The terms complementary, alternative and integrative medicine are often used interchangeably. However, they are not the same, and each field is a distinctive approach to the treatment of disease. The following terms explain the differences between these medical fields.
Conventional medicine is the "traditional" medicine as practiced by a medical doctor (M.D.), a doctor of osteopathy (D.O.) and other allied health professionals.
Alternative medicine is used in place of, or instead of, conventional medicine. Many alternative therapies and drugs do not have scientific evidence to back up their claims of effectiveness. Some have no therapeutic benefits at all or can even be dangerous.
Complementary medicine is a group of mostly non-medical approaches to help patients cope with cancer and treatment side effects, pain, depression and anxiety. Research data has verified the benefits of many complementary therapies, including acupuncture, yoga, massage, stress reduction techniques and nutritional supplements.
Integrative medicine is the practice of combining scientifically proven complementary therapies with conventional medicine as part of a comprehensive plan to treat both the disease and its physical and emotional side effects.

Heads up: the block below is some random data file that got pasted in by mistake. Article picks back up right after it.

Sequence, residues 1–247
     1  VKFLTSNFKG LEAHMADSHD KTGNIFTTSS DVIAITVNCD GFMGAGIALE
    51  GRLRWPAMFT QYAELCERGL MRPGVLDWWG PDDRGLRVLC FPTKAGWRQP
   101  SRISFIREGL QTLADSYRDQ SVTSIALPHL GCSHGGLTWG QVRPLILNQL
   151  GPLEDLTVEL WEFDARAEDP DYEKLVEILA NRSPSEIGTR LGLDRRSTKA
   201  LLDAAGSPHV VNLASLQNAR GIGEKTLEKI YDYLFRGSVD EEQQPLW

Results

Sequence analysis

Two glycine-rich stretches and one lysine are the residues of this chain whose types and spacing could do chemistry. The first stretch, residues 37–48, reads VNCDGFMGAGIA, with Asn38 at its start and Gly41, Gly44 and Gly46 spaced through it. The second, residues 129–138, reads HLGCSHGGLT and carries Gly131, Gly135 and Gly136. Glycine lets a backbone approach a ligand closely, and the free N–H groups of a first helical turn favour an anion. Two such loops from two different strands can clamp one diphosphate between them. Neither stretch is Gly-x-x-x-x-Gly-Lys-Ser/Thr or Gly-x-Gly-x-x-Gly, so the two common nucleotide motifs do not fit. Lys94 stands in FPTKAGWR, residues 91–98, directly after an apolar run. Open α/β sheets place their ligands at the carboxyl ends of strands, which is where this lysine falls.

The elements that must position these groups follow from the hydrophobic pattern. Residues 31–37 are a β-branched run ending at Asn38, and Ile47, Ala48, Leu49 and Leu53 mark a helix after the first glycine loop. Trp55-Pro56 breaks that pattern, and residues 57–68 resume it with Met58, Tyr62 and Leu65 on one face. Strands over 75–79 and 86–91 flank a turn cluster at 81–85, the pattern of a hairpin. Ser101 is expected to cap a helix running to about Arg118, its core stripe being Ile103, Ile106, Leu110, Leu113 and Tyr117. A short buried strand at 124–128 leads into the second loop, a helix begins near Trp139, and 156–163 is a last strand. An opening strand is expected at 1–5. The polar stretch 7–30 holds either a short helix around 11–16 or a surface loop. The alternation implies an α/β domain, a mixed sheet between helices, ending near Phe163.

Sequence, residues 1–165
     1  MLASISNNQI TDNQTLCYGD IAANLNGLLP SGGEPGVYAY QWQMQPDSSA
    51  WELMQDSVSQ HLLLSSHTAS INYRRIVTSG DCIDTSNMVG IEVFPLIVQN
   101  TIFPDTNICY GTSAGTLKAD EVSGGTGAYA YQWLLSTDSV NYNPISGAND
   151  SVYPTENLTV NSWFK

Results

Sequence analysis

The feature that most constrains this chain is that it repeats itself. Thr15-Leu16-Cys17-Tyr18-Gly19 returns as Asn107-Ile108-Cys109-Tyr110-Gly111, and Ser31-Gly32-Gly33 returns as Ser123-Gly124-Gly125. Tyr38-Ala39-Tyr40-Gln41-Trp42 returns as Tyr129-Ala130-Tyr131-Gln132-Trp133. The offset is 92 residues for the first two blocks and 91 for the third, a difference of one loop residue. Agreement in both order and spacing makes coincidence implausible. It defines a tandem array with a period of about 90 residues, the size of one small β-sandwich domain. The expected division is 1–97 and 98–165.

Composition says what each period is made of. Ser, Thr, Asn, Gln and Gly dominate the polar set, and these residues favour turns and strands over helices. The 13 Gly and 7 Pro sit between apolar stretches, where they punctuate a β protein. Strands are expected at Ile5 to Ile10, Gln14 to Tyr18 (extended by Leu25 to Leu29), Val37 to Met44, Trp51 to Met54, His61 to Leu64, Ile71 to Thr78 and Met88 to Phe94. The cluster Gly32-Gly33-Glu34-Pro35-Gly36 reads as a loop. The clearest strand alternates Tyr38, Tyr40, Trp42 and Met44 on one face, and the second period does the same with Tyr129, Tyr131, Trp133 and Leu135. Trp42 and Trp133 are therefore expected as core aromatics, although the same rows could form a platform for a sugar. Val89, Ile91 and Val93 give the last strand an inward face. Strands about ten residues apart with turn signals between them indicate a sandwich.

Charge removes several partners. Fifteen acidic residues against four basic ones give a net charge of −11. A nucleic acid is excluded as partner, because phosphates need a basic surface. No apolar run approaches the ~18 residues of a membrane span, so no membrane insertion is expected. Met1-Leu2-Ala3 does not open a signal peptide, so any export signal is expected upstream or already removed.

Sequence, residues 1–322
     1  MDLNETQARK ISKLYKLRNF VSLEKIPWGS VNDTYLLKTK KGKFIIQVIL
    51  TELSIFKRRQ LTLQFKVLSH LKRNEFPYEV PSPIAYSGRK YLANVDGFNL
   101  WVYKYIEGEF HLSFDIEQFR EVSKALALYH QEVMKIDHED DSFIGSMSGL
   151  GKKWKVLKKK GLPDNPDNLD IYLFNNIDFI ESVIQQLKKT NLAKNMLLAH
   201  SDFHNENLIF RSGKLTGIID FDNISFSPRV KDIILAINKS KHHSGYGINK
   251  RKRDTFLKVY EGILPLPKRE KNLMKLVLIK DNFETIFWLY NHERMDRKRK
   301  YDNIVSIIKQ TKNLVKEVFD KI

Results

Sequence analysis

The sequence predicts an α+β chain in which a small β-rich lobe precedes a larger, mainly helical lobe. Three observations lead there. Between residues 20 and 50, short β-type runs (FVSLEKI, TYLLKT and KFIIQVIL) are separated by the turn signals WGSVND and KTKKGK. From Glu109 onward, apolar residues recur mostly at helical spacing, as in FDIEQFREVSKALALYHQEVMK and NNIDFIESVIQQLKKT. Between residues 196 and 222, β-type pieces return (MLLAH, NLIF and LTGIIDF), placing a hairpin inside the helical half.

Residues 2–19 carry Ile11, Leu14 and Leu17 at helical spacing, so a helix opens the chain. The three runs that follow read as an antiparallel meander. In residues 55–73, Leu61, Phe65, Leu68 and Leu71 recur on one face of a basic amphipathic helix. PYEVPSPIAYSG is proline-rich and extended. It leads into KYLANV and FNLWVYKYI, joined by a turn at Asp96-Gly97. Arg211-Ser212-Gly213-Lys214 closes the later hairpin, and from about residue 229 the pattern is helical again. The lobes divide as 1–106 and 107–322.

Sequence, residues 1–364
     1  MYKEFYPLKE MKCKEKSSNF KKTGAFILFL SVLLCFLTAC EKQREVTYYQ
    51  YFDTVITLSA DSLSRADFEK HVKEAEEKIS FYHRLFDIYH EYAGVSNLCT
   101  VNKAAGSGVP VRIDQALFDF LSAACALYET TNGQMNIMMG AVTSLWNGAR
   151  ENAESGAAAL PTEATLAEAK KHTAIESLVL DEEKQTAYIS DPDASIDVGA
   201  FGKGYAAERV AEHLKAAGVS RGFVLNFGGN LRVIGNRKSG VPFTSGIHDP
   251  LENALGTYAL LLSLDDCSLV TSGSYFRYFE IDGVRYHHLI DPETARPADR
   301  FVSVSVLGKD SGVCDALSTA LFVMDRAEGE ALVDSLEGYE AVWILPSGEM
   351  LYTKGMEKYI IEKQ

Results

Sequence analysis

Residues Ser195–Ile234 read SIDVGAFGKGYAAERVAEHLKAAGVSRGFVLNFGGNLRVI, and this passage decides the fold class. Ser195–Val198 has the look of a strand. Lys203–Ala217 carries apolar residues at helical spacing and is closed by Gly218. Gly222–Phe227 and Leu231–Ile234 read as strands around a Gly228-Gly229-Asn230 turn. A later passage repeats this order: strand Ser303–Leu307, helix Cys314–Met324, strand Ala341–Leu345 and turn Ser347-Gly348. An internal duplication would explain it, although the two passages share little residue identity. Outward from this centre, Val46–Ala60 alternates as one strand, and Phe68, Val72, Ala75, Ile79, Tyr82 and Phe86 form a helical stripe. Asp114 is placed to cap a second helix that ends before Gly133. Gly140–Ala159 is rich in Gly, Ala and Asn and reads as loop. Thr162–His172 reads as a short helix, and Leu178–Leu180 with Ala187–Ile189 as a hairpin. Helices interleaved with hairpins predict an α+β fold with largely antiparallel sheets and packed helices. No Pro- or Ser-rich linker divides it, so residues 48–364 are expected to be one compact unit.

Many cancer patients find relief from complementary therapies, while others have found them to be ineffective or have reported problems. Although some complementary therapies are useful for cancer patients, others may be harmful in certain situations.
We strongly encourage you to consult with your oncologist before trying any complementary therapies. It also is important to inform them about any therapies you currently use that may affect your cancer treatment.
MD Anderson’s Integrative Medicine Center offers many complementary therapies for cancer patients that have been shown to be safe and effective.
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